Lectures 11,12 – Zechariah and Malachi Gleason Archer Jr., Ph.D.
 

Hosea means “salvation.” He married an unfaithful wife whom he forgave and
redeemed. Joel introduces the great prophetic concept of “The Day of the
Lord” and gives us the prophecy about the Holy Spirit. Amons means “bearer
of a burden.” He proclaimed the coming destruction of neighboring nations,
Israel, and Judah. In Obadiah, prideful Edom hated Israel and their doom was
predicted. God calls Jonah to preach repentance to the people of Nineveh, the hated and evil Assyrians. Micah, preached God’s judgment on Samaria and
Jerusalem due to their idolatry. Nahum predicts the doom of Nineveh, 150
years after Jonah. Habakkuk dialogues with God and receives a vision of the
pending woes to come from the Babylonians. Zephaniah spoke of the great day of the Lord that was to come to all nations and calls Jerusalem to repent.
Haggai returned after the captivity, and laid the foundation of the temple in
Jerusalem. Zechariah also returned to encourage the rebuilding of the temple.
He prophesied how Jesus would deliver Israel, be rejected, and return again.
Malachi brought God’s people a message of rebuke and promise.

 

The Gospels

 

Lectures 1,2 – Matthew J. Vernon McGee, Th.D.
Lectures 3,4 – Mark Walter Wilson, M.D.
Lectures 5,6 – Luke Harold J. Ockenga, Ph.D.
Lectures 7,8 – John Merrill Tenney, Ph.D.

The gospel of Matthew brings before us “The Kingdom of Heaven,” or the rule
of the Heavens over this earth. You will find Jesus presented as King, the one
who fulfills Scripture, the Messiah. Of the increase of His kingdom there shall
be no end! Mark presents the Lord Jesus Christ as the servant of God and the
servant of men. Mark records the call from Christ to followers who would
serve Him, and the command of Christ to go and preach. Luke portrays Jesus
as the perfect man and uses the term “Son of Man.” Luke also shows that Jesus
is not only a perfect human but the divine Son of God. The key verse of this
gospel written by John is found in John 20:31. “But these are written, that you
might believe that Jesus is the Christ, the Son of God; and that believing you
might have life through His name.” And this is eternal life, that you might
know Him, the only true God, Jesus Christ.
 

Acts and Epistles, Section 1
 

Lectures 1,2 – Acts Charles Anderson, D.D.
Lectures 3,4 – Romans Howard W. Ferrin, LL.D.
Lectures 5,6 – I Corinthians John Walvoord, Th.D.
Lectures 7,8 – II Corinthians L.E. Maxwell
 

The book of Acts is chiefly the chronicle of the mighty missionary advance of
the early church in its obedience to the commands of the risen Savior. It shows the true motive of missions, the best plans, and the secret source of power for the task. This doctrinal book of Romans states the basic principle of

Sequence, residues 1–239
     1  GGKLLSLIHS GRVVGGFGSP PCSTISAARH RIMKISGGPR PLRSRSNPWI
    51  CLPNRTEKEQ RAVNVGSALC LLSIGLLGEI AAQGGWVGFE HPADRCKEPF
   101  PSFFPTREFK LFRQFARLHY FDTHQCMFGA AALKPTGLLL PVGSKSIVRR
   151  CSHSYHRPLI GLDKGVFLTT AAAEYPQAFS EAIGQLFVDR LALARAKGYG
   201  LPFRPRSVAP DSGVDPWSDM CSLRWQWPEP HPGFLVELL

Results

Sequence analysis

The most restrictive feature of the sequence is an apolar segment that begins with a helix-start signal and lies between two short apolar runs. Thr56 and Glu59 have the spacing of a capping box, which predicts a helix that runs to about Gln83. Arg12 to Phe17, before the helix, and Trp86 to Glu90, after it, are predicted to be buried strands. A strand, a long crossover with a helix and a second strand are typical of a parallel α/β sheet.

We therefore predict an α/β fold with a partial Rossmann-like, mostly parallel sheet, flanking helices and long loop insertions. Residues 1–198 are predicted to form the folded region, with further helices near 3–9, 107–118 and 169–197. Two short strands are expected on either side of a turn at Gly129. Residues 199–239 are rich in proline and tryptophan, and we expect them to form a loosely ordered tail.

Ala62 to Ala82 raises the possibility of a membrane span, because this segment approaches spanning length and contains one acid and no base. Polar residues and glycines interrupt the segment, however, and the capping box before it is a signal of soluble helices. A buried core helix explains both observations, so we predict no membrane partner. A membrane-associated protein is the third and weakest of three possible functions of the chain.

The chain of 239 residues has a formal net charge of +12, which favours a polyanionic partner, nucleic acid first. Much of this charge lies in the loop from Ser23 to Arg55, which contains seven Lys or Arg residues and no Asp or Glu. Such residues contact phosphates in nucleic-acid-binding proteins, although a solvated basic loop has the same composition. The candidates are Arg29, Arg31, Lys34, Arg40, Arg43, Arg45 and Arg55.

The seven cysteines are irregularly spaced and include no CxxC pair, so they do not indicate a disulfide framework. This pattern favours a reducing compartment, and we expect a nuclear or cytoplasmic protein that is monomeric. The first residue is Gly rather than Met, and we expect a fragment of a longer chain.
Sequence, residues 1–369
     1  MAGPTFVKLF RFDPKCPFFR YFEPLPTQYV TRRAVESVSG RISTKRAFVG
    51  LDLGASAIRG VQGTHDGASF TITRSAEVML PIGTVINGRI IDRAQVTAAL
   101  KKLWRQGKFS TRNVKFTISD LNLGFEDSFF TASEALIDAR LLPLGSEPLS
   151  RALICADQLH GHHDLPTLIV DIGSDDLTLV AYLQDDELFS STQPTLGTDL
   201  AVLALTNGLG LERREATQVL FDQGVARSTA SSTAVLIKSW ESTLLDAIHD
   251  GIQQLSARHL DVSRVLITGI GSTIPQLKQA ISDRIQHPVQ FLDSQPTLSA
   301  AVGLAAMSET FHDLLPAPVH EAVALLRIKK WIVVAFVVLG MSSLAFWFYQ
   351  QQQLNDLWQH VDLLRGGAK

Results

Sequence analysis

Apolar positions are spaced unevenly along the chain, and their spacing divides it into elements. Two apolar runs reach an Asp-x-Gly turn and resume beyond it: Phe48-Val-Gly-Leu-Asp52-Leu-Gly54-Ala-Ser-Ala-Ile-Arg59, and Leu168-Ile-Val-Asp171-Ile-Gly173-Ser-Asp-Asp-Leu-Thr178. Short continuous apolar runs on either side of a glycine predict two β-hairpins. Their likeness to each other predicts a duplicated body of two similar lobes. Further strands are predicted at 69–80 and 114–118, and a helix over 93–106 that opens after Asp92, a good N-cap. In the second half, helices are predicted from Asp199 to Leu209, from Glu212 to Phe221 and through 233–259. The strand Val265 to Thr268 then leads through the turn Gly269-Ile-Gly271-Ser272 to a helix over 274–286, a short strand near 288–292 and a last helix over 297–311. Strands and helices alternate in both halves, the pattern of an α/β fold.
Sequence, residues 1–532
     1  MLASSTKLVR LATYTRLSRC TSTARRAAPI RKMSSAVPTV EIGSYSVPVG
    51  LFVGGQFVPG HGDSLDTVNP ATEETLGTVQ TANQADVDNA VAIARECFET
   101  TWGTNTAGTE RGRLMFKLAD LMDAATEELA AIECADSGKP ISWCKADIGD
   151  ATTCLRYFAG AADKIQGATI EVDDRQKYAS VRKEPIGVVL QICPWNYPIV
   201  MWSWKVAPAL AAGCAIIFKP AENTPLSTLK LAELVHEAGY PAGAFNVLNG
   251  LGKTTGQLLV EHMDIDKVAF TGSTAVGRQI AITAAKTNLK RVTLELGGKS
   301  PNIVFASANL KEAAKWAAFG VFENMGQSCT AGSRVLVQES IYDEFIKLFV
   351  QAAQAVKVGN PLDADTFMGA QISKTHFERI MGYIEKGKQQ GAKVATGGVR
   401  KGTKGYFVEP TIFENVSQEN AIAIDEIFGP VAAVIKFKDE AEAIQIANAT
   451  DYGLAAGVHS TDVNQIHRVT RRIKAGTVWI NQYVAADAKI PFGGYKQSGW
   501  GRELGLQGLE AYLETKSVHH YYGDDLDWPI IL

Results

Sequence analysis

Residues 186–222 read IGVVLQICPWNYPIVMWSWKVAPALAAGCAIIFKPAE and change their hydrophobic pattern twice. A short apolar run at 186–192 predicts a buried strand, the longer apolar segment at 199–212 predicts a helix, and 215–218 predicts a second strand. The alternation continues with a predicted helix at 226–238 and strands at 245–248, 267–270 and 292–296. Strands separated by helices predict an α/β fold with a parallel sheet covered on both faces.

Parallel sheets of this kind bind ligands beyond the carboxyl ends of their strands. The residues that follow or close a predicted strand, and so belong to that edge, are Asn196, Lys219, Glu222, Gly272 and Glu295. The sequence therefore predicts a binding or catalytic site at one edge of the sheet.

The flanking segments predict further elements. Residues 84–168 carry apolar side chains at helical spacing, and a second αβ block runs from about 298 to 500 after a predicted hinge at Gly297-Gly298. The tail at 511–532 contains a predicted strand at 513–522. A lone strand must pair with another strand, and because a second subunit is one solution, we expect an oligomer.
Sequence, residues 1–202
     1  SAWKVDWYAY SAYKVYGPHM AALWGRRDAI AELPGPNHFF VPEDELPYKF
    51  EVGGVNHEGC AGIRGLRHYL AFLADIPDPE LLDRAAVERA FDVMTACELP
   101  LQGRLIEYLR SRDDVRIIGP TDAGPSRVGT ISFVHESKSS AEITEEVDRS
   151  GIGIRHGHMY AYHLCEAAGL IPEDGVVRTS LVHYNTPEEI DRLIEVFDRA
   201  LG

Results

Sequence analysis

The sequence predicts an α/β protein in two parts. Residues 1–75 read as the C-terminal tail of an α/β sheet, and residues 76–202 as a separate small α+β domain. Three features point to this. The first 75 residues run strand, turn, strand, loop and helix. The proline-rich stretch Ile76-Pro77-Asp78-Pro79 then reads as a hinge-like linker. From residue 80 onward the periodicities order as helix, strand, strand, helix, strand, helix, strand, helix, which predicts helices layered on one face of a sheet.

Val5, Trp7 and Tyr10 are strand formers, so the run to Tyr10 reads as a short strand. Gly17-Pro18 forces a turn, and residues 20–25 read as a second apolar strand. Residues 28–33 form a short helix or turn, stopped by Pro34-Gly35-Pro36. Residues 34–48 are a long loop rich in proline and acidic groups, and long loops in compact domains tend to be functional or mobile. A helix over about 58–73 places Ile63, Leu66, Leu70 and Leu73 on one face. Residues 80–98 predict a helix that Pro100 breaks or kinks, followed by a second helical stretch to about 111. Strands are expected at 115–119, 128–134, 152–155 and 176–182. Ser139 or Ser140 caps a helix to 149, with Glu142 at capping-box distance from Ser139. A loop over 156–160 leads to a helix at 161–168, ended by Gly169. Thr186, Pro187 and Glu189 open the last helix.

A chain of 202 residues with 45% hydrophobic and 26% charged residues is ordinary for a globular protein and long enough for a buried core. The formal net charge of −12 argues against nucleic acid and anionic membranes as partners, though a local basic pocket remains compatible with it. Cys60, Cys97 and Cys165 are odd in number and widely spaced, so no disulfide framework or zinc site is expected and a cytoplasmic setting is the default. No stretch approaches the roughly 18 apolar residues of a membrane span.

“justification by faith.” “For I am not ashamed of the gospel of Christ for it is
the power of God unto salvation to everyone who believes, to the Jew first, and also to the Greek, for therein is the righteousness of God revealed from faith to faith.” I Corinthians teaches Christian conduct in a wicked world with specific attention to the corruption that had crept into the church in Corinth. Paul writes of marriage and relationships, abiding in one’s call, the celebration of the Lord’s Supper, spiritual gifts, the resurrection of Christ from the dead and much more. In II Corinthians Paul defends his ministry as there were many in the church at Corinth still attacking his credibility. He is forced painfully to
vindicate his apostolic authority.

 

Epistles, Section 2
 

Lectures 1,2 – Galatians and Ephesians Arthur B. Whiting, Th.D.
Lectures 3,4 – Philippians and Colossians E. Schuyler English, Litt.D.
Lectures 5,6 – I & II Thessalonians John Walvoord, Th.D.
Lectures 7,8 – I & II Timothy Bob Jones Jr., LL.D.
 

Galatians is the declaration of the glorious freedom which Jesus has won for all believers. It defends the truth of justification by faith alone, which imparts to us incredible freedom in Jesus. Ephesians unfolds God’s wonderful
workmanship in fashioning a new and invisible spiritual organism designed as
the body of Christ. It stresses true church unity.

The purpose of Philippians is to give thanks to the believers at Philippi for a gift that they sent to Paul, and to correct friction that existed there. Paul gives words concerning Christ as the believer’s life, pattern, object, and strength. Colossians discloses the fact that Jesus Christ is the head of the body which is the church, and emphasizes that it is in Him that all the fullness of the Godhead dwells. I & II Thessalonians contain a rich presentation of the truth of God designed for young believers. Paul writes about thanksgiving to God, the secret of effective Christian service, the believer’s sanctification, and the coming of the Lord. Some believed that they were already in the tribulations of the day of the Lord. Paul corrects this misapprehension and encourages them to go on with the Lord. I & II Timothy are addressed to men who have the responsibility for the administration of local assemblies. These letters reveal God’s will regarding doctrine, church administration, and discipline.